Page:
I was going to call this blog post ‘The Destruction of Childhood’, but I figured that might be a bit over the top. Mind you, it’s not far off what I’m feeling right now as a parent, and as someone who has many friends who are parents. In our brave new world, children have become a commodity: something to be measured, and compared against one another. Which one is best? How quickly is he moving? Why isn’t she moving faster? How about if we give them more hours in school, that’ll move them along more quickly? These questions are so completely irrelevant to me that it feels as though I’ve jumped into a parallel universe.
But then I go out into the real world, and I talk to other teachers and parents, and I realise that I’m not alone. I look at my own children, and I revel in the long summer break: playing in the mud, swimming in the sea, spending time with family and at late night Festas in Portugal. I don’t think: ‘Do you know enough yet?’ I think: ‘Are you happy?’ I know that the reason why children don’t move forwards as fast as you might like comes from a hugely complex mixture of background factors. Yes, these include poverty and deprivation and all the gaps that brings, but they also include disabilities, and learning needs, and many, many other challenges.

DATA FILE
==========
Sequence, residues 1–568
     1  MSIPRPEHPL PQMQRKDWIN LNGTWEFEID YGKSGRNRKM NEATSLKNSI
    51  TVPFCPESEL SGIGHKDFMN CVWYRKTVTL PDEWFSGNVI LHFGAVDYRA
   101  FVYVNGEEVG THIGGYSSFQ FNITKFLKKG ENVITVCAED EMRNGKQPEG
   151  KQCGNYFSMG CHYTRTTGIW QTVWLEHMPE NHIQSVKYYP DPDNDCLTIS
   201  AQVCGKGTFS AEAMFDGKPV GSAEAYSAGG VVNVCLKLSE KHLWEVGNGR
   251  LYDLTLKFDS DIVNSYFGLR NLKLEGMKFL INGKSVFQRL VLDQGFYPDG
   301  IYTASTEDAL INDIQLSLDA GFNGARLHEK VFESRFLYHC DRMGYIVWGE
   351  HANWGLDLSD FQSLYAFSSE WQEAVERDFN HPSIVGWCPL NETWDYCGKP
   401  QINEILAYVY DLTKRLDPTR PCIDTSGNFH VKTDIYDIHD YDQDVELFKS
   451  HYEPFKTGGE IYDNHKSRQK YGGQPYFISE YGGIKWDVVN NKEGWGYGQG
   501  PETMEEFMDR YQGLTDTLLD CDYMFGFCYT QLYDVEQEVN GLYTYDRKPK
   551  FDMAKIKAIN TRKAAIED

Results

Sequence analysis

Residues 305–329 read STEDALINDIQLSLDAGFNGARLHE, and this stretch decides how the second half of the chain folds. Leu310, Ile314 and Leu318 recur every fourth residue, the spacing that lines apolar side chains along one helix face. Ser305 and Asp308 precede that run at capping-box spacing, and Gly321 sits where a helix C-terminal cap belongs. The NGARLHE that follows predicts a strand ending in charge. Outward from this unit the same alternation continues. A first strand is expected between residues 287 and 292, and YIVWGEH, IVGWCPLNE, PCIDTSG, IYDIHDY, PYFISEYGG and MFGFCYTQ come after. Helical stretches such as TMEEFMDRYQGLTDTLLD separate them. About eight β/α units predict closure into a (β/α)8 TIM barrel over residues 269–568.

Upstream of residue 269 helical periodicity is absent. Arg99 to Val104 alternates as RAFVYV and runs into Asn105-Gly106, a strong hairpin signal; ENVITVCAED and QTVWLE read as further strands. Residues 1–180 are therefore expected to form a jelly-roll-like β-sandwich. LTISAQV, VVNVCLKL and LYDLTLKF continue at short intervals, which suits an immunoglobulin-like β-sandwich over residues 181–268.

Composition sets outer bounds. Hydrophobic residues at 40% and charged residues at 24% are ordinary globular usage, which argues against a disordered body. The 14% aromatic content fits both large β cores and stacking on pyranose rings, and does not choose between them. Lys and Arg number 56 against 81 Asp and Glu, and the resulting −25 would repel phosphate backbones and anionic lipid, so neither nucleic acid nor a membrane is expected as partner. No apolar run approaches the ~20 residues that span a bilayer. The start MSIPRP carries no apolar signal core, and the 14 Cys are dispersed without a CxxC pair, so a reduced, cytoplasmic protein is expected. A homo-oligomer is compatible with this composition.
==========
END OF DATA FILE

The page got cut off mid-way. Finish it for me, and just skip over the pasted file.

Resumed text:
If you want, you can fill the comments thread below with all sorts of arguments about how I am an enemy of promise and how I am promoting low expectations. It’s fine, please, feel free. Because I would still feel completely confident in what I have written above. I don’t want to squash children into a system. I want to look at them and go: ‘I wonder what would happen if we follow that child? Yes, even that one.’ If you feel something different, then so be it.
“I denounce these proceedings.” Go hang me.